Ron Howard's megabudgeted version of "The Dark Tower" set up its TV portion at the network after Universal pulled the plug on the project, while only a couple of days ago, Stephen Daldry told how he's planning on making his long-awaited adaptation of "The Amazing Adventures of Kavalier & Clay" as an eight-part miniseries for the pay-cable channel. And now, Leonardo DiCaprio is becoming the latest glittering name to be associated with HBO, with a second project joining the Robert Schwentke-helmed "The Lobotomist" at the network.
The star's production company Appian Way has been working on an adaptation of Josh Bazell's acclaimed crime novel "Beat The Reaper," about an E.R. doctor who used to work for a mob family and is outed by a patient, for a while. The project had been set up at Fox and New Regency, with a script by "Rounders" and "Ocean's Thirteen" writers Brian Koppelman and David Levien, and oddly, "Disturbia" director D.J. Caruso told us earlier in the year that he was going to make it his next project, something swiftly and comprehensively denied by the studio.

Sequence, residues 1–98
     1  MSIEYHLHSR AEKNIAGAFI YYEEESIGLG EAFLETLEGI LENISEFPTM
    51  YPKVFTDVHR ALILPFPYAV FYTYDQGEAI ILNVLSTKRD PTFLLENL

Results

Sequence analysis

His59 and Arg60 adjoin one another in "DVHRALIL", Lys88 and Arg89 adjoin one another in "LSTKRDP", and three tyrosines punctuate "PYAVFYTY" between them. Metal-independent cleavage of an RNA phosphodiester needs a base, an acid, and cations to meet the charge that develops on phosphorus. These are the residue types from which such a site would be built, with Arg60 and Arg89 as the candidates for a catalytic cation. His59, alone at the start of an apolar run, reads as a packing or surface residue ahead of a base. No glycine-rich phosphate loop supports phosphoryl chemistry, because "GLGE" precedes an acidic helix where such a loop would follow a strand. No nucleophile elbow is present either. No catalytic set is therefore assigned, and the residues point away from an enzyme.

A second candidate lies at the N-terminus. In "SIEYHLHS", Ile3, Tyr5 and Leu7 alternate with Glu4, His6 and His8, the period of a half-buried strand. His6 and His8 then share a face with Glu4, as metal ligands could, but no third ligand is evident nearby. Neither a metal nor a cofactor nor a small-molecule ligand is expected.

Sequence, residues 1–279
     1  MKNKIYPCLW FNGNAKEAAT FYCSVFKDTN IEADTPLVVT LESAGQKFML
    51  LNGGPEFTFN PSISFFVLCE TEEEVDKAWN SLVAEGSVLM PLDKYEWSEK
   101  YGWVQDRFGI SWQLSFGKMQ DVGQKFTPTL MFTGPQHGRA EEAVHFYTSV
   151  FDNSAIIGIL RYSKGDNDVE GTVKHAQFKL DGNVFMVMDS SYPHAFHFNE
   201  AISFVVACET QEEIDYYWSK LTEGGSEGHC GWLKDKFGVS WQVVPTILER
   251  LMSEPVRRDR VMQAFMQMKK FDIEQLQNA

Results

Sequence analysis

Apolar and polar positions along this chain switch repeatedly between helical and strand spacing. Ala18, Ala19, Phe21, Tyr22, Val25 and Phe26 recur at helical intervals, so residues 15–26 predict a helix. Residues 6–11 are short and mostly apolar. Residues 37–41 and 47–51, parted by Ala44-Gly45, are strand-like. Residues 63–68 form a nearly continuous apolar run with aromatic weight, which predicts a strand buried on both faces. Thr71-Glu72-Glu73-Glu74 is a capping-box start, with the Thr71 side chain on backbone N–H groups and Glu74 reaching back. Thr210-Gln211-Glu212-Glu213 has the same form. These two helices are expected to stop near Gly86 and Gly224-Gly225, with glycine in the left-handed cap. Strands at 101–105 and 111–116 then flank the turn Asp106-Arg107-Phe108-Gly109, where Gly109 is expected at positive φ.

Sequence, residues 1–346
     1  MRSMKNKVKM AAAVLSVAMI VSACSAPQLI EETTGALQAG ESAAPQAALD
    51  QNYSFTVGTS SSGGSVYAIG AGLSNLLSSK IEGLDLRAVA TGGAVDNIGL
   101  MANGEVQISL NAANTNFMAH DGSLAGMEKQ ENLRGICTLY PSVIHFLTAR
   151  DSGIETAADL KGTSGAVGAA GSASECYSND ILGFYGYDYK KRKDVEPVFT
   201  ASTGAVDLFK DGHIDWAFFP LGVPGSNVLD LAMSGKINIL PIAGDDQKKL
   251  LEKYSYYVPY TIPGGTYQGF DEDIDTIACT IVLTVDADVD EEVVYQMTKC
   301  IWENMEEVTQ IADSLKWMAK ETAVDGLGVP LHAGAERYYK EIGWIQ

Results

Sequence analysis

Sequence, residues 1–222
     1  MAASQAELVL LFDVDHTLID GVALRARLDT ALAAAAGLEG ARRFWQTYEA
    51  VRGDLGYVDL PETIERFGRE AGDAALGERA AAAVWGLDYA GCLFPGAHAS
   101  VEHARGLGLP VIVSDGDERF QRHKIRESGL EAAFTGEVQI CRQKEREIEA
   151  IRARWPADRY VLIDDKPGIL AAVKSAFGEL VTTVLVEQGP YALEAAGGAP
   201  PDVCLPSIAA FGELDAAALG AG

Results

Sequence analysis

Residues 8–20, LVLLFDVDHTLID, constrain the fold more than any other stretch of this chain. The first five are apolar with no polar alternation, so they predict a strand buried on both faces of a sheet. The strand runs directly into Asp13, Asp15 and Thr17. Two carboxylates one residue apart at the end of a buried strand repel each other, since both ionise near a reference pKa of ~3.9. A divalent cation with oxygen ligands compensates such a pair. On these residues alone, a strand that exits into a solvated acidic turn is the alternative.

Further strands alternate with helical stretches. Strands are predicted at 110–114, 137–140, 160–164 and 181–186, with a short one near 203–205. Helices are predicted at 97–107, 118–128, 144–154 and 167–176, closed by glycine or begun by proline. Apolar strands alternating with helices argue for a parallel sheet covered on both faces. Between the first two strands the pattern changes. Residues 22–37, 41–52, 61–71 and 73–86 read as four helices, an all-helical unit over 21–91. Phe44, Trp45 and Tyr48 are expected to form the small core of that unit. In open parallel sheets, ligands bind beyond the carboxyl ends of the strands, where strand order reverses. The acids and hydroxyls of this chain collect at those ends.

Fox have seemingly given it up, as Deadline reports that the project's now in the works, still under the banner of New Regency and Appian Way, joined by LBI Entertainment, as a potential HBO series, with the network beating out three other suitors. It seems that DiCaprio's no longer attached in an acting capacity (it would be a hell of a coup for pay-cable if he was...), but we're sure that, should the project move forward, there'll be no shortage of names wanting to get involved further.
As we said, however, we've got mixed feelings about this one; we're concerned that, with so many projects coming to HBO, and only so many prime-time slots available, it's becoming as much a graveyard of projects as anything else, and we wonder how many of these announced projects will make it to the air. Ultimately, we'd always pick the big screen over the small, and we worry that too many potentially great films may be being lost to television, particularly if they end up being changed in the attempt to make an open-ended, long-running series. Still, "Beat The Reaper" has landed somewhere where it can be as dark and uncompromising as the source material, and we guess that's something to celebrate.